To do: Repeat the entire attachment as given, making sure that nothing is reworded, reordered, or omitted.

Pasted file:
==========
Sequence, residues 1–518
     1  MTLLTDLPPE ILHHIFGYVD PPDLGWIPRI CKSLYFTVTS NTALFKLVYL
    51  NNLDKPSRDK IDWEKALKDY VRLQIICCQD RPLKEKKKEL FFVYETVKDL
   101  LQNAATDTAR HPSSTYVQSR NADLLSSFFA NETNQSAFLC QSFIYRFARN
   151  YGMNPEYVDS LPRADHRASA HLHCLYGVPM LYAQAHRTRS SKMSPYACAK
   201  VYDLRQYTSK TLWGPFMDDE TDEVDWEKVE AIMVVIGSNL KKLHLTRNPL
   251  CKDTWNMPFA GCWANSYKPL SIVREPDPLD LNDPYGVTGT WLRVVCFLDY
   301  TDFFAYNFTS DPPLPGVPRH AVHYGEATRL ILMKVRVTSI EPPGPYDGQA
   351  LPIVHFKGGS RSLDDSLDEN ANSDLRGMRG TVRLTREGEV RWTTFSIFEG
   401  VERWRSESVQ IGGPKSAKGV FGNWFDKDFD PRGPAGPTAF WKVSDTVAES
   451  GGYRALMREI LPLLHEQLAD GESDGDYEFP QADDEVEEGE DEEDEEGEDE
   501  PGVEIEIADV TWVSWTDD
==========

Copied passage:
Sequence, residues 1–518
     1  MTLLTDLPPE ILHHIFGYVD PPDLGWIPRI CKSLYFTVTS NTALFKLVYL
    51  NNLDKPSRDK IDWEKALKDY VRLQIICCQD RPLKEKKKEL FFVYETVKDL
   101  LQNAATDTAR HPSSTYVQSR NADLLSSFFA NETNQSAFLC QSFIYRFARN
   151  YGMNPEYVDS LPRADHRASA HLHCLYGVPM LYAQAHRTRS SKMSPYACAK
   201  VYDLRQYTSK TLWGPFMDDE TDEVDWEKVE AIMVVIGSNL KKLHLTRNPL
   251  CKDTWNMPFA GCWANSYKPL SIVREPDPLD LNDPYGVTGT WLRVVCFLDY
   301  TDFFAYNFTS DPPLPGVPRH AVHYGEATRL ILMKVRVTSI EPPGPYDGQA
   351  LPIVHFKGGS RSLDDSLDEN ANSDLRGMRG TVRLTREGEV RWTTFSIFEG
   401  VERWRSESVQ IGGPKSAKGV FGNWFDKDFD PRGPAGPTAF WKVSDTVAES
   451  GGYRALMREI LPLLHEQLAD GESDGDYEFP QADDEVEEGE DEEDEEGEDE
   501  PGVEIEIADV TWVSWTDD